By VASHTI HARRIS
SOUTH RIVER – The Middlesex County Board of Taxation has announced its commitment to order South River and Dunellen to conduct revaluations by the end of the year, showing its support of the New Jersey Division of Taxation ruling.
A decision was handed down on Oct. 20 at the Board of Taxation’s monthly meeting regarding the county’s official agreement with the state’s mandate to order revaluations for towns that have not conducted their own in decades. Not undergoing revaluations within a timely manner is deemed an act of noncompliance of state law.
In November of 2015, the Division of Taxation launched an investigation that uncovered multiple municipalities that hadn’t done revaluations in decades. In Middlesex County, the Borough of South River was found to have not had a revaluation in more than 30 years, and was ordered to do a property revaluation by the division on Sept. 14.
John Ficara, acting director of the Division of Taxation, ordered the South River revaluation pursuant to the state Constitution, which requires property taxes to be assessed uniformly statewide. He said the division started its investigation because the Middlesex County Board of Taxation has failed to meet its constitutional obligation to oversee its taxing districts, according a press release from the State of New Jersey Department of the Treasury.
“Middlesex County has the only tax board in the state that has not ordered an involuntary revaluation in more than 20 years. That unfortunate point of fact is notable because in 1975 Middlesex County was at the forefront of defining case law on revaluations,” Ficara said in an official letter to the Middlesex County Board of Taxation.
The case that Ficara is referring to is Middlesex County Board of Taxation v. Borough of Sayreville, which ruled that the Board of Taxation had the right to order municipalities to do complete revaluation of all taxable real property within each municipality, according to an official case document.
A revaluation is a program undertaken by a municipality to appraise all real property within the taxing district according to its full and fair value, according to an official document prepared by the N.J. Department of Treasury.
Full and fair value is the price at which the tax assessor believes a property would sell at “a fair and bonafide sale” by a private contract on Oct. 1 of the pretax year. The sale must be between a willing buyer and a willing seller, according to the document.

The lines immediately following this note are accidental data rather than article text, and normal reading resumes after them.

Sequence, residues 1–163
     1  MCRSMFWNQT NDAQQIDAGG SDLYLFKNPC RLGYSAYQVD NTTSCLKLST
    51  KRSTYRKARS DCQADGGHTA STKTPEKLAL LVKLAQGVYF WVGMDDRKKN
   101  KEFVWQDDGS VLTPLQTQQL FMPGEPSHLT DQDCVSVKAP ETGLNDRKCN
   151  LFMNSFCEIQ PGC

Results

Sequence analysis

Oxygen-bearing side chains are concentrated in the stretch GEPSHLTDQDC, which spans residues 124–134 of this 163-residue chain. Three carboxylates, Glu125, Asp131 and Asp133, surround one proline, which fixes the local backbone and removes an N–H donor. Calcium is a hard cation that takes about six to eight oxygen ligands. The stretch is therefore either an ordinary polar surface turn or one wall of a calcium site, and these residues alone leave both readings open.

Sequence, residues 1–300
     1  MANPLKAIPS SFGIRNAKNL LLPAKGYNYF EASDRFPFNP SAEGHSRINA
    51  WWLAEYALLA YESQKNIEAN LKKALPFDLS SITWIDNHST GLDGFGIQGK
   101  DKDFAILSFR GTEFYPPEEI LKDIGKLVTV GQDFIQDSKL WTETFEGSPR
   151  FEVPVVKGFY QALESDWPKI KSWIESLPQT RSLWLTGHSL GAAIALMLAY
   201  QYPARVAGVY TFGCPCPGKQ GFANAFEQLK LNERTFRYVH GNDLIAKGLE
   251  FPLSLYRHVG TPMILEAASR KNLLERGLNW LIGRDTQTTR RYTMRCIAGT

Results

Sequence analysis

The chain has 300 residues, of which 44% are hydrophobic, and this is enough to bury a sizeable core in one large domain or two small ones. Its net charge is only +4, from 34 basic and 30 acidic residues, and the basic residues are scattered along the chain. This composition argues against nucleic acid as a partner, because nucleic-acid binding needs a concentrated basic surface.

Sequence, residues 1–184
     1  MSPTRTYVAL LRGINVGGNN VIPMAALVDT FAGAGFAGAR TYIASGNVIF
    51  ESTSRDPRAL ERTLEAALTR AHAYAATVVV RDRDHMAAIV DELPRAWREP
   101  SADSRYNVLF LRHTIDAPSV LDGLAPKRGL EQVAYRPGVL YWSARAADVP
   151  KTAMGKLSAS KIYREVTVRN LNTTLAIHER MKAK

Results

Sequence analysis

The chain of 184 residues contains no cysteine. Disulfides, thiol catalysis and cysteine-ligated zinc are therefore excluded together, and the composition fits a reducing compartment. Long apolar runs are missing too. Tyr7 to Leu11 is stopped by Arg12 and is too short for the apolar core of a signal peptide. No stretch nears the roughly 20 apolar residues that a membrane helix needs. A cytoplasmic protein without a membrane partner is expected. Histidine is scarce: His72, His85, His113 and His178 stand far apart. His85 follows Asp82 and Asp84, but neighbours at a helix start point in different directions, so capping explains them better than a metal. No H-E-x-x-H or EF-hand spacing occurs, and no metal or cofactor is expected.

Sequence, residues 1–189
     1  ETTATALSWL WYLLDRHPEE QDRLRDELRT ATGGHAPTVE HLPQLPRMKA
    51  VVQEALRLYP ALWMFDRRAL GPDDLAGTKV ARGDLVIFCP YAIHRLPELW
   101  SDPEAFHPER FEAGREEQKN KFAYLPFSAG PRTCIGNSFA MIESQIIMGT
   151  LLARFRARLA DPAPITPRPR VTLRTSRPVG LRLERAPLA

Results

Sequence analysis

A revaluation program seeks to spread the tax burden equitably within a municipality. Real property must be assessed at the same standard of value to ensure that every property owner is paying his or her fair share of the property tax, according to the document.
Inequitable assessments result from the following situations: changes is characteristics in areas or neighborhoods within the municipality and within individual properties; fluctuations in the economy (inflation, recession); changes in style and custom (desirability of architecture, size of house); changes in zoning which can either enhance or adversely effect value; and delays in processing building permits which delay tax assessments on new construction, according to a document from the Treasury.
Now that this revaluation order has officially been issued, South River municipal officials must complete several steps in order to complete the revaluation. Some of those steps include submitting up-to-date tax maps; the municipal tax assessor for each town must, within 30 days from the date of the revaluation order, submit a proposed plan of compliance; the municipal governing body must take all necessary actions to enter into a revaluation contract in accordance with the Local Public Contracts Law; and a revaluation firm shall perform the revaluation on behalf of the municipal tax assessor, according to a statement prepared by the Department of the Treasury.
South River is currently in the process of completing the revaluation, according to Richard Lorentzen, president of the Middlesex County Board of Taxation.
The South River revaluation must be completed by Nov. 1, 2018, according to a statement prepared by the N.J. Department of Treasury.
When asked why he thought a borough like South River waited so long to do an revaluation Lorentzen said, “It’s expensive for a town to do a revaluation.”
South River officials could not be reached by press time.
To learn more about property revaluations, visit www.state.nj.us./treasury/taxation/pdf/lpt/revaluation.pdf.
Contact Vashti Harris at firstname.lastname@example.org.